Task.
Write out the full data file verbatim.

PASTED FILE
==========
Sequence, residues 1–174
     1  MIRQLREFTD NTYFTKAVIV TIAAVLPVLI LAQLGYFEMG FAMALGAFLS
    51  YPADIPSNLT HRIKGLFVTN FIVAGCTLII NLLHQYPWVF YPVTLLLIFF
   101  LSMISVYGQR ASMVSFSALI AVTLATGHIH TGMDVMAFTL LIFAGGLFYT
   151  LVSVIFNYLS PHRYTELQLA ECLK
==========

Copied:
Sequence, residues 1–174
     1  MIRQLREFTD NTYFTKAVIV TIAAVLPVLI LAQLGYFEMG FAMALGAFLS
    51  YPADIPSNLT HRIKGLFVTN FIVAGCTLII NLLHQYPWVF YPVTLLLIFF
   101  LSMISVYGQR ASMVSFSALI AVTLATGHIH TGMDVMAFTL LIFAGGLFYT
   151  LVSVIFNYLS PHRYTELQLA ECLK